New Flash writers Robert Venditti and Van Jensen are featured today at Comic Book Resources in an interview about their plans for Wally West, the Rogues and more as their run begins with issue #30 on April 30. While some parts of Wally’s New 52 debut are still secret, we get a sense of the imporance of his relationship with Barry…and how long they plan to keep Wally as a big part of the series. Follow the jump to get the details!
Incoming Flash writers Robert Venditti and Van Jensen are featured today over at Newsarama in a thorough interview on their approach to and plans for their run, which begins in April with issue #30.
The two touch on their plans for the reintroduction of Wally West, as well as their focus on Barry Allen’s law-enforcement methods and the unique identity of Central City. Follow the jump for the latest!
As their three-year artistic, two years everything, Flash run comes to a close, Francis Manapul and Brian Buccellato have begun the transition into their new Gotham digs over in Detective Comics. Yesterday, as part of an interview with Newsarama and a post over at DC HQ, details continued to emerge on the team’s final act.
First, here is a plot summary and preview page (above) from Flash #25 via DC Comics:
In THE FLASH #25, you’ll meet a young Barry Allen before he’s realized his full potential as the Scarlet Speedster. A recent graduate from the Police Academy, Barry finds himself partnered with Harvey Bullock in Gotham City when he volunteers to go help the city deal with the chaos brought on by the events of “Zero Year.” But Harvey is not thrilled with working with someone so young and inexperienced, leaving Barry to team up with Gotham Gazette intern Iris West to help solve the case of a mysterious drug appearing on the streets of the city that is causing people to spontaneously burst into flames. And it’s in this first meeting between Barry and Iris that the “will they or won’t they” tension is introduced to their relationship.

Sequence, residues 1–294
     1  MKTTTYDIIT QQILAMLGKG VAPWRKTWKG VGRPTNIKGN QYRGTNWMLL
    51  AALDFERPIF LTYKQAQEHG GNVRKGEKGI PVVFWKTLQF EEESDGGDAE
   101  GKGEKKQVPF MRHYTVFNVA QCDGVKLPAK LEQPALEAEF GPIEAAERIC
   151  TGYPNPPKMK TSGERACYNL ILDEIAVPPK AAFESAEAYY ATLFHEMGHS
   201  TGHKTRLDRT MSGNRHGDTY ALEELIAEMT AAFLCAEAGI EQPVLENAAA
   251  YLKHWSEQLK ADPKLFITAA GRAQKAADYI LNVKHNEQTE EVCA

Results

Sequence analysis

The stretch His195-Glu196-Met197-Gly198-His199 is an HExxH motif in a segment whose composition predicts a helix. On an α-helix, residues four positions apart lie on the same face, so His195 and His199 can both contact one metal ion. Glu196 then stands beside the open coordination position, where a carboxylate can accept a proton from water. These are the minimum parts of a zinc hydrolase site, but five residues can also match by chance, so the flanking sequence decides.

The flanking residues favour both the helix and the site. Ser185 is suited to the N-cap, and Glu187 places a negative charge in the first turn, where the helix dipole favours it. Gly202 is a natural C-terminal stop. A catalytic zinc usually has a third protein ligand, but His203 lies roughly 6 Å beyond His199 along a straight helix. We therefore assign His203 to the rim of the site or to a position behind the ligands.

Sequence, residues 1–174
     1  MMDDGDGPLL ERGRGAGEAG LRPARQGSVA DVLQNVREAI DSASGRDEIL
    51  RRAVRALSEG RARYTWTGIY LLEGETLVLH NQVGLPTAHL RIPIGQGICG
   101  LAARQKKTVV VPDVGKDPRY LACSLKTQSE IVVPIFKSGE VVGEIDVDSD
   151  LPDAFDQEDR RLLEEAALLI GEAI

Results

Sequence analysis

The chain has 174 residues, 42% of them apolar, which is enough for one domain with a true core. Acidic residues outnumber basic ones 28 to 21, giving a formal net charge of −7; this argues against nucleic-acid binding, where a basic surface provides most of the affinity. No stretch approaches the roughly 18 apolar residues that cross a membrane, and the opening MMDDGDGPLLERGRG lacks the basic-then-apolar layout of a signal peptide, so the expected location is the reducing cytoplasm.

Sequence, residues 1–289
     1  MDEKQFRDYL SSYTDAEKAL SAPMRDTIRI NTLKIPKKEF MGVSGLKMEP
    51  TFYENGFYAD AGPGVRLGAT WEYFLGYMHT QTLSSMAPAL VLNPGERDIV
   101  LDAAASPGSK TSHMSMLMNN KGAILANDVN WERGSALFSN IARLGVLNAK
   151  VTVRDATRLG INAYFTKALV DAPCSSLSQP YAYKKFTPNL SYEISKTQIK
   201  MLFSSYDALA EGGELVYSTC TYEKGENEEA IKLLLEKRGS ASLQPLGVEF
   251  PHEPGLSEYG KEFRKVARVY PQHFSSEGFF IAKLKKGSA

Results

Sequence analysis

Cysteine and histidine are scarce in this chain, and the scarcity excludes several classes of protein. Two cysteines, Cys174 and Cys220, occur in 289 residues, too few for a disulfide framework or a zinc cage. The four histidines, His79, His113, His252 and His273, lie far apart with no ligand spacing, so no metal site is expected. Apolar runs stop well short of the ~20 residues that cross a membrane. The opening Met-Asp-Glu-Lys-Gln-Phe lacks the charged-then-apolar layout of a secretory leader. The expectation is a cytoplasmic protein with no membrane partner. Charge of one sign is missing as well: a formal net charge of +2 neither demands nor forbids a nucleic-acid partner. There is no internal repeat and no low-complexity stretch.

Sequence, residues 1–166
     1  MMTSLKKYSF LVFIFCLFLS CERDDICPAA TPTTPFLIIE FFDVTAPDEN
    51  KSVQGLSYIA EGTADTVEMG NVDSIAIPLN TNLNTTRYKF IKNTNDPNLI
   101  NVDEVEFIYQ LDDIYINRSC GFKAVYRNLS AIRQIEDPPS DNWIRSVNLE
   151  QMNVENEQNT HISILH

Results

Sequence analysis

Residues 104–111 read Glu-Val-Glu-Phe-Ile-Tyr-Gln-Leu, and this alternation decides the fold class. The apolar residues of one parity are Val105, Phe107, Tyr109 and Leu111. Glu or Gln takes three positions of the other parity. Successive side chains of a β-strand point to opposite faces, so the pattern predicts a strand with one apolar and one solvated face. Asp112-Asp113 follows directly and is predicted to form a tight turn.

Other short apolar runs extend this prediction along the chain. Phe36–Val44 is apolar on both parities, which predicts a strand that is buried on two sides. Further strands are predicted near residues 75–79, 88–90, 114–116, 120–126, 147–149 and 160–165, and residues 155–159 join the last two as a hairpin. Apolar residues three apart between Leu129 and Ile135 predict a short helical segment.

Some items of Flash-related news.
Colorist Moose Baumann, whose work can be seen on the iconic cover for The Flash: Rebirth #1, is is selling prints of his work to raise money to cover medical expenses for his wife’s cancer treatments. (via That F’ing Monkey and Comics Alliance)
Actors John Wesley Shipp (Barry Allen) and Amanda Pays (Tina McGee) from the 1990 Flash TV series will be appearing at Dallas Comic Con this weekend.
Comic Book Movie reports that the Flash’s home town of Central City will be mentioned in the Green Lantern movie. (via @johnnywellens)
First off I know the reviews are usually Kelson’s thing (and you can expect to see his later in the week) but I decided to share my two cents and take a shot at it. This is my first time reviewing a comic book online so all feedback is most assuredly appreciated. Now on to the review:
Writer: Geoff Johns
Art: Francis Manapul & Scott Kolins
Color: Brian Buccellato
Letters: Sal Cipriano
Cover: Manapul w/Buccellato
Variant Cover: Greg Horn
Assoc. Editor: Adam Schlagman